Thursday, April 2, 2009

Corydalis solida

I discovered these charming spring bloomers late in my discover of the Corydalis family. I always knew the Corydalises as summer blooming perennials, long lived and gently (or not so gently in the case of ophiocarpa) colonizing the garden. These are spring bloomers, putting on their show right now, and are bought as bulbs rather than plants. I seem them in more catalogs all the time. The species is reddish pink and there is a names form, G.P. Baker, I think it is which is similar. What I have found is that they seed freely and seem to come up with endless variations in color when they do. They also transplant very easily, the babies having no bulb at first, only developing one as they grow. The can take a light frost without damage, but a hard freeze will do them in for the year. They are about 8 inches tall and as wide once established. They go dormant with hot weather - I didn't know that the first year and thought they had all died!
This first one is one of our seedlings, a lovely lavender.

This one has bloomed for the first time this year and is a lighter pink with a bit of white. I think there is one with more of a two toned bloom, but don't have a picture of it yet.

This next one is what you'll get when you buy Corydalis solida and we never knew about all of the wonderful variation we'd get in the seedlings when we got it. We liked it just the way it was, but now we like a lot of the seedling colors better. Good thing we have plenty of room for all of them.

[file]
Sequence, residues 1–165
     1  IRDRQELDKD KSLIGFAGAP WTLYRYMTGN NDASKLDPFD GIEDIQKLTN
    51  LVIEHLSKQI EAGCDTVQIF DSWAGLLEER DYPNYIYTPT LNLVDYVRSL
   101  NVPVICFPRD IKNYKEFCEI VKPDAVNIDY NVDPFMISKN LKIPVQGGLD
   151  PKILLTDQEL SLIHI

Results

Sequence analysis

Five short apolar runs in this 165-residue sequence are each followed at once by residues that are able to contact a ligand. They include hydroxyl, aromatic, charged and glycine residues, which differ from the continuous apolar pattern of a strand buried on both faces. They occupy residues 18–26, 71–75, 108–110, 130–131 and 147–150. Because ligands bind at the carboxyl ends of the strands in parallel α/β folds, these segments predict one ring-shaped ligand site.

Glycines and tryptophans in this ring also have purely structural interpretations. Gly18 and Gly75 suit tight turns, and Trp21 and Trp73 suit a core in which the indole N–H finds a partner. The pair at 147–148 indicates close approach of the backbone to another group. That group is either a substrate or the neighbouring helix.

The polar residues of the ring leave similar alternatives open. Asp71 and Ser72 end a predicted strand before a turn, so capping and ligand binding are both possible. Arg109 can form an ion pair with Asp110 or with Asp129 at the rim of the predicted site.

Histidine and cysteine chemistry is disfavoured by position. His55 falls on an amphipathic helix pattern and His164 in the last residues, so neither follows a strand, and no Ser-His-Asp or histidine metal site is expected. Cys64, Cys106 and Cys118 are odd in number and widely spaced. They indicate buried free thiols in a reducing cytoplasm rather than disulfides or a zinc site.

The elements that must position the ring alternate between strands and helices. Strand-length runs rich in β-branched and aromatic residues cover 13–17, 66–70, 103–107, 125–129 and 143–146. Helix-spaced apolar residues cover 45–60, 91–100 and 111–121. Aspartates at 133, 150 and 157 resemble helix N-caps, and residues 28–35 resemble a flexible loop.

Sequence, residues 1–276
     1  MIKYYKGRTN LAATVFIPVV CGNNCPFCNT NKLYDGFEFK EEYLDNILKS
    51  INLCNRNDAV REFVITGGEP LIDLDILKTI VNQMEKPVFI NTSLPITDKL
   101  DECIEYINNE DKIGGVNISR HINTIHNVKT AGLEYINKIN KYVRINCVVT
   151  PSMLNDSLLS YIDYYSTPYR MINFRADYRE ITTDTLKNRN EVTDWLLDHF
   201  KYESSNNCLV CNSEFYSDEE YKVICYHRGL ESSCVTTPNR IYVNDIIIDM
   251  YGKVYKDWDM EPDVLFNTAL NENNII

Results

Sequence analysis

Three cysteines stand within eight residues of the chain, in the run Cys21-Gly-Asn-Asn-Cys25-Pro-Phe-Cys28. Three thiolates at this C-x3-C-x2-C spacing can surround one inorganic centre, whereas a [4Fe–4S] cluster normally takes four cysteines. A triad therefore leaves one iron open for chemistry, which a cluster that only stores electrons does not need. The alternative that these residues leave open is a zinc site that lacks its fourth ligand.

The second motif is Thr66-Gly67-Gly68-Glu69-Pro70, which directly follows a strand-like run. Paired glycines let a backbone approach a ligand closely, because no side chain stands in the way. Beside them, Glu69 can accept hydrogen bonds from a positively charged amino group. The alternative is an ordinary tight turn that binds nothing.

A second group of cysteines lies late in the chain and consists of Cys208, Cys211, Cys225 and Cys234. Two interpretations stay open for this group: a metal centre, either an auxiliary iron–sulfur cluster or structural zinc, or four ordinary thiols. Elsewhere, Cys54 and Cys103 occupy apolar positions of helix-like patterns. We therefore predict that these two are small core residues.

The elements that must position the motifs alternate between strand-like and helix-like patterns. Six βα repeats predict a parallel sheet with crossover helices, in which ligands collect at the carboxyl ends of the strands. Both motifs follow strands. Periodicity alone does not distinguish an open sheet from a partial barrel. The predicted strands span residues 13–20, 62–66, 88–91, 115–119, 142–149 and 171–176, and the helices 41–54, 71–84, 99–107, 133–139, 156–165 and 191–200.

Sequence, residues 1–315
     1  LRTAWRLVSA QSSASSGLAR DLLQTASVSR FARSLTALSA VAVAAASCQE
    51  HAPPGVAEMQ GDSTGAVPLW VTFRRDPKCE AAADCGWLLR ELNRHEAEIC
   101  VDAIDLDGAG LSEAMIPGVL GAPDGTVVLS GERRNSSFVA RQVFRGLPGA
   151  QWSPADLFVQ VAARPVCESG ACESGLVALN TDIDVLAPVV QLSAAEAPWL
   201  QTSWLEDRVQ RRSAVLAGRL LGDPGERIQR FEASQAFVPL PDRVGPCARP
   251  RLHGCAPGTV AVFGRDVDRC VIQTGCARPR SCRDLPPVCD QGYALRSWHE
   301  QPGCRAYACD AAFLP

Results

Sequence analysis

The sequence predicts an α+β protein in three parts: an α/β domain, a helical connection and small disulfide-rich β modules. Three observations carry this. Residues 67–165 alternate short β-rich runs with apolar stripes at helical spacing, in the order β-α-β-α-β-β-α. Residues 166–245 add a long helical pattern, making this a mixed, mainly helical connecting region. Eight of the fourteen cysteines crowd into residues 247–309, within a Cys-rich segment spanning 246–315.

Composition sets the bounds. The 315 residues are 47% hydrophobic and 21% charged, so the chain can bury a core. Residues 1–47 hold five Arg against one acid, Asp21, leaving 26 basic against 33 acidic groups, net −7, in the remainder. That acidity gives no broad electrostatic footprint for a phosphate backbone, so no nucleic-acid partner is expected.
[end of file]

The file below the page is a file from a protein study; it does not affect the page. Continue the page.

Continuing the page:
This last is my current favorite and was one of the first seedlings. I love the deep grape juice color.

It's a lovely sunny day here, though a bit cold yet, only about 34 degres (F), so I'll probably spend the day weeding and mulching. Daffodils are starting to be in bloom everywhere and I'm planning where to plant more this fall. Just hate to have a bare spot in the spring when there could be a daffodil or some other spring flower there.
Tomorrow I think I'll talk about Bloodroot which has just started to bloom.


keewee said...

I like these pretty little blooms. Something else to add to my wish list.

Sylvia (England) said...

I do like Corydalis, but don't have any in my garden at all! I love their light ferny leaves as well as the flowers. I must get a selection of different ones this year. Starting with C. solida. Is there any I should avoid? Thank you Jane, for another great plant.

Best wishes Sylvia (England)

GardenJoy4Me said...

Jane .. I need to find one that is just right for my garden .. I love these though : ) .. They look like such delicate lovely little plants .. I must find one !!